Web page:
Information transfer is seen as the key responsibility and only legitimate contribution of the doctor to the decision making process. This model assumes that the deliberation and decision making steps are the sole prerogative of the patient. The doctor is accorded no legitimate claim for involvement in these phases or legitimate investment in the treatment decision that the patient makes. Eddy, a doctor who advocates this approach, states the case clearly: “The people whose preferences count are the patients, because they are the ones who will have to live (or die) with the outcomes. … Ideally, you and I are not even in the picture. What matters is what Mrs Smith thinks. … It is also quite possible that Mrs Smith's preferences will differ from Mrs Brown's preferences. If so, both are correct, because “correct” is defined separately for each woman. Assuming that both women are accurately informed regarding the outcomes, neither should be persuaded to change her mind.”8
In contrast to the informed model, the essential characteristic of the shared model is its interactional nature in that the doctor and patient share all stages of the decision making process simultaneously.6 7 In its purest form, there is a two way exchange of information, both doctor and patient reveal treatment preferences, and both agree on the decision to implement. This approach assumes that both the patient and the doctor have a legitimate investment in the treatment decision; hence, both declare treatment preferences and their rationale while trying to build a consensus on the appropriate treatment to implement. The challenge for doctors using this model is to create an environment in which the patient feels comfortable expressing his or her treatment preferences (including doing nothing or watchful waiting).
The figure also indicates that there are intermediate approaches. Doctors in a clinical encounter may not use a pure model, but rather a hybrid of elements of more than one model.
The reality of clinical decision making
In the real world of everyday practice, many clinical decision making interactions are likely to reflect some form of hybrid model. Human behaviour rarely conforms to ideal types. Given the often dynamic, complex, and personal nature of the doctor-patient relationship, the decision making model adopted at the outset of a clinical encounter may not unfold according to the pattern of the ideal type but instead be modified to reflect the needs of individual patients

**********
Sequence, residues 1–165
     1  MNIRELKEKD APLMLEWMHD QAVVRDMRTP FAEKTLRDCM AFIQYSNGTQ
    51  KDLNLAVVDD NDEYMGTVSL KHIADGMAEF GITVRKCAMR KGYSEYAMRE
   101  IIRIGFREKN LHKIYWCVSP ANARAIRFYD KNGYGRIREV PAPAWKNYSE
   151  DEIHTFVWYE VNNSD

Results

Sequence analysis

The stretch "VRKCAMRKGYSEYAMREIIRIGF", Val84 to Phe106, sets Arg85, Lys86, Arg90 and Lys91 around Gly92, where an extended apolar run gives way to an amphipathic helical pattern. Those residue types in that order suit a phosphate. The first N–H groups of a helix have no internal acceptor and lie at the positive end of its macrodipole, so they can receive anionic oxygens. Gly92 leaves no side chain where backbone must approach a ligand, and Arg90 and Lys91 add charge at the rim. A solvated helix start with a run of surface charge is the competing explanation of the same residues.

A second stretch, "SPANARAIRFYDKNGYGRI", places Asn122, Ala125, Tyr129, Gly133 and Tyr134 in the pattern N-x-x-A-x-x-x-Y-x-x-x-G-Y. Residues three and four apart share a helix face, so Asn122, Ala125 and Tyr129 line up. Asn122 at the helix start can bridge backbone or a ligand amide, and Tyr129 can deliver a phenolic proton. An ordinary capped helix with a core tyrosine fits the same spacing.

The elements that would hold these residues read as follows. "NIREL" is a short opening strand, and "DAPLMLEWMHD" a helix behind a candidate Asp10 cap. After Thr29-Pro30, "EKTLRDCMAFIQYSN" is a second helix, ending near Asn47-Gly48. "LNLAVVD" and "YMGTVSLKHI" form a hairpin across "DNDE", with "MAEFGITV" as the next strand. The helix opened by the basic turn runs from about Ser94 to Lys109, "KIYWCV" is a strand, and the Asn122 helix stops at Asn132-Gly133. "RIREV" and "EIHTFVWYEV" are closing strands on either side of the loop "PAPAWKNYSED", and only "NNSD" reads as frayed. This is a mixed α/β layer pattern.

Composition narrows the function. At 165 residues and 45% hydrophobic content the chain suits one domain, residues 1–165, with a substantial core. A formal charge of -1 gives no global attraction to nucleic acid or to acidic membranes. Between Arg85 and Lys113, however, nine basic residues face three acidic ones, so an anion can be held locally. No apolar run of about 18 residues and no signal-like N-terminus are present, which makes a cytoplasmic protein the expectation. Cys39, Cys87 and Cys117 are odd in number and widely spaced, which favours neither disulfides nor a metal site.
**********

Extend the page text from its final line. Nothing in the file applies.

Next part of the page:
A doctor, for example, who favours a shared decision making model (by our definition) may find, as the interaction proceeds, that the patient has gained enough confidence and gathered enough information to make the decision on his or her own. At this point, the process might shift from a shared to more of an informed model as a result of the learning that has occurred in the interaction itself. Given this possibility, assessing patients' preferences for participation in making decisions about treatment is perhaps more appropriately conceptualised as an ongoing task for the doctor, rather than an assessment made, either implicitly or explicitly, at the outset of the encounter.
Clinical contexts for partnership relationships
The importance of developing some form of partnership in making decisions about treatment depends on the specific clinical context as well as patients' and doctors' preferences. When patients bring minor everyday problems (such as a rash) to the doctor and there is a routine and simple treatment of benefit, there is no compelling clinical need to initiate a process of eliciting patients' preferences about how the decision making process should proceed, especially when the time available for each interaction is limited.
The need for some form of doctor-patient partnership is most compelling when the patient presents with a serious or life threatening illness; different treatment options exist, with different benefits and risks; and outcomes are uncertain. In this situation, the stakes are high and there is no one “right” treatment. Since the patient will bear the consequences of whatever treatment is implemented, it is important that his or her values and preferences are known and respected. Patients in this situation are likely to feel vulnerable and may not initiate such a discussion; it is the doctor's responsibility to ensure that this occurs.
In current healthcare systems, both time and funding constraints can act as disincentives for doctors to explore and respond to patients' preferences regarding the type of partnership they would prefer in the process of making decisions about treatment. Both of these potential barriers are amenable to policy change if the political will to do so exists. Whether current disincentives are restructured into incentives depends on the priority given to the goal of facilitating doctor-patient partnerships in making decisions about treatment relative to other competing clinical and health system goals.
Funding: Funding for research on shared decision making about treatment has been provided by the Canadian Breast Cancer Research Initiative of the National Cancer Institute of Canada, and the Ontario Ministry of Health, through its system linked research program. We gratefully acknowledge this support.
Competing interests None declared.